Updated: Mar 4, 2022
Should there be negative Racial Adjustments to ability scores in DnD? If an entire race in a fantasy setting is between 2 and 3 feet tall -- why wouldn't they get a negative modifier to Strength? Ok, let's define some terms before we answer that because DnD is AWFUL at defining terms. Stats are not one thing. In keeping with other game concepts that are amalgams like HP (luck-health) and AC (defense-resilience) -- any of the core stats is also an artificial cluster of traits that makes up the nature of a character. Here is the quote from the PHB: "An ability score is not just a measure of innate capabilities, but also encompasses a creature’s Training and competence in activities related to that ability." So, when it comes to Strength, the designers of DnD have clustered three very separate ideas -- power, athleticism, and training. While size (being 2ft tall) correlates to having low power it also correlates to having high athleticism as athleticism is aided by having a high strength to weight ratio and size, whereas size has no correlation to training. We cannot differentiate whether a character is strong, well-trained, or athletic by a high strength score -- as the measure is for all three, but we may argue that access to the very top levels of strength should be reserved for characters in the upper echelon of all three. Let's try to glean something from how you use Strength in the game. The stat strength gives us a bonus to damage with some melee weapons, and it drives one skill -- athletics, which is used for jumping, wrestling, and climbing. Dexterity can be substituted for Strength for many light melee weapons, making it Strength modifies a d20 with up to a plus bonus, or as low as a minus five penalty -- which equates to a 25% swing in each direction. This means that a contest between the strongest, most well-trained, character and the weakest, least trained character is going to result in a loss for the strongest, most athletic character 14% of the time. In this world Stephen Hawking would have a 14% chance of besting Thor Bjornson in a lifting/ pushing contest -- and that is if you gave Stephen Hawking a strength score of 1. Why is that intellectual diversion necessary? We need to understand not only what the Strength score means as defined by the rules, but how it PLAYS as defined by the rules so that we can judge what kind of world is created when we fiddle with the scores. An adjustment to a stat, any stat, up or down by two points results in a plus one linear shift along that probability slide. Having a low score is not catastrophic. Having a low score in a core trait, however, is absolutely sub-optimal. Because DnD ties all class abilities through these amalgam measurements, this artificial group of unrelated concepts, a player who brings a character to the table against a "correctly-constructed" character is at an immediate and irrevocable disadvantage for their entire career. Because DnD builds so much from the concept of ability scores, tying ability scores to race reduces choice in the game. DnD is already stupid and non-sensical when it comes to ability scores, why the hell would you introduce "logic" to make it less fun? So yes, it doesn't make sense that a halfling is good at pushing a Half-orc. But, seeing as the numbers are stupid any way that you look at it -- that the whole rolling mechanic leads to stupid results from the get-go -- the damage done to the game by the negative ability score adjustment is less than the damage caused to the diversity of the game by the lack of choice when it comes to race-class combinations.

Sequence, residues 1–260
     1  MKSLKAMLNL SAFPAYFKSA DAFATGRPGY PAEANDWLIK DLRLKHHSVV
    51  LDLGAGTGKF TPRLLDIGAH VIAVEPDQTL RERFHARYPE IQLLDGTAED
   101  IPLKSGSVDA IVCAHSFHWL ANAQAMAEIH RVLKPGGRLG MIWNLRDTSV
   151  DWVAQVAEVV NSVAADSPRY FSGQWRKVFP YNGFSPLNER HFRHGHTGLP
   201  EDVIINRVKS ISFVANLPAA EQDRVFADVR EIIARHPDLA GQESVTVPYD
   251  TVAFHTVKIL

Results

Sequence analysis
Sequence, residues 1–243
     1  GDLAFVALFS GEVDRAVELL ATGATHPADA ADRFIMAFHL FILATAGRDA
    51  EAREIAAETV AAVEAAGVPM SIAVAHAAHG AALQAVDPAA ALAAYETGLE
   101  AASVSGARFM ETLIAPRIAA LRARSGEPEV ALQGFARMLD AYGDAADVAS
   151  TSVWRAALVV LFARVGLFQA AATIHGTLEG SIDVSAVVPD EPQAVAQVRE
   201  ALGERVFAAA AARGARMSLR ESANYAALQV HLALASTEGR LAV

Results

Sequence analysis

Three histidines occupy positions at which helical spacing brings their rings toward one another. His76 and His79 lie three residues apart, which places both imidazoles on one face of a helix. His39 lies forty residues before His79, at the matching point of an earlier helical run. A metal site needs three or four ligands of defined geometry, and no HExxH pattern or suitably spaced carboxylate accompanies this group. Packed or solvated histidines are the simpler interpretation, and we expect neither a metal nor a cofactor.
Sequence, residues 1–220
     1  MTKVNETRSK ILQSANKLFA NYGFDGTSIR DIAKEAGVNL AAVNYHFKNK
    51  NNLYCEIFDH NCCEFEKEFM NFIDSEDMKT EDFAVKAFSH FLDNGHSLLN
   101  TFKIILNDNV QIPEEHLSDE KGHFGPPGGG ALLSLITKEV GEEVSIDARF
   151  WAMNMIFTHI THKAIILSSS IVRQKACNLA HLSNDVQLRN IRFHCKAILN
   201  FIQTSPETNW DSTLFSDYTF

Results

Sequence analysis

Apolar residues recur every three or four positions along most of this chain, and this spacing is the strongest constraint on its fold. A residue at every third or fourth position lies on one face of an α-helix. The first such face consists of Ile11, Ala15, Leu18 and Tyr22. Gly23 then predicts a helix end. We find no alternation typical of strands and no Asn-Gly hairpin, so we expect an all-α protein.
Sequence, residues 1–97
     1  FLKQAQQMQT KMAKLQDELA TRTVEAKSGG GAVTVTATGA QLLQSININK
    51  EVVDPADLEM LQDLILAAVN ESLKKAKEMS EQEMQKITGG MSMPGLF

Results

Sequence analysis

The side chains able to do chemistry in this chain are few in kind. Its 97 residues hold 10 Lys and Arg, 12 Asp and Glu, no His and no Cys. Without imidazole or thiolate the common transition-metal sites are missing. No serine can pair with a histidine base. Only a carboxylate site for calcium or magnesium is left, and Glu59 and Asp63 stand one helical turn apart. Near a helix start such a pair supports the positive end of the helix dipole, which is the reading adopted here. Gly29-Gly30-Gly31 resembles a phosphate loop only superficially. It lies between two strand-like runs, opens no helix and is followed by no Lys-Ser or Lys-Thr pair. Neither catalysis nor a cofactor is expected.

We have to make the decision based on what DnD 5e is, not what some fanboy or fangirl want it to be. I agree that negative ability modifiers for races make sense. They would be logical. But, we should never apply that logic to playable races. Logic has to be constrained by context. If that context is that an ability score is a pastiche of concepts that has a dubious relationship to the outcome of any check, and that that amalgam drives the class options and abilities, then perhaps we shouldn't think that being logical about one aspect of a lopsided conceptualization is good for anything. If the race is playable -- no negative adjustments. If you let the player play a golden retriever puppy, fine. Give the puppy a penalty to intelligence? No.